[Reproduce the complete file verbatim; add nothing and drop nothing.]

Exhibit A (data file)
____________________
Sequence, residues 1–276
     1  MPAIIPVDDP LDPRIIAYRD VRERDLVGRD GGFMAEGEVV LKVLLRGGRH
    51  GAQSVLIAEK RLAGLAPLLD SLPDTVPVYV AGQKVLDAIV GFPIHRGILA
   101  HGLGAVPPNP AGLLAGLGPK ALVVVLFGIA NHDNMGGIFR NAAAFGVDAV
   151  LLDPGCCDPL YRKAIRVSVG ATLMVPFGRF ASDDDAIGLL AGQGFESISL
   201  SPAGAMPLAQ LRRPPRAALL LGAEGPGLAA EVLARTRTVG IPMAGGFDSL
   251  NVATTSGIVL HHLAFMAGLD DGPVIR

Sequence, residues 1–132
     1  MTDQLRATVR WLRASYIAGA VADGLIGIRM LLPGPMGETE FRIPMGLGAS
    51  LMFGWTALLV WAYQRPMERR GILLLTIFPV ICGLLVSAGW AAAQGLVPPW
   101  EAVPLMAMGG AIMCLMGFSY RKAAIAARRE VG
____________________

Sequence, residues 1–276
     1  MPAIIPVDDP LDPRIIAYRD VRERDLVGRD GGFMAEGEVV LKVLLRGGRH
    51  GAQSVLIAEK RLAGLAPLLD SLPDTVPVYV AGQKVLDAIV GFPIHRGILA
   101  HGLGAVPPNP AGLLAGLGPK ALVVVLFGIA NHDNMGGIFR NAAAFGVDAV
   151  LLDPGCCDPL YRKAIRVSVG ATLMVPFGRF ASDDDAIGLL AGQGFESISL
   201  SPAGAMPLAQ LRRPPRAALL LGAEGPGLAA EVLARTRTVG IPMAGGFDSL
   251  NVATTSGIVL HHLAFMAGLD DGPVIR

Sequence, residues 1–132
     1  MTDQLRATVR WLRASYIAGA VADGLIGIRM LLPGPMGETE FRIPMGLGAS
    51  LMFGWTALLV WAYQRPMERR GILLLTIFPV ICGLLVSAGW AAAQGLVPPW
   101  EAVPLMAMGG AIMCLMGFSY RKAAIAARRE VG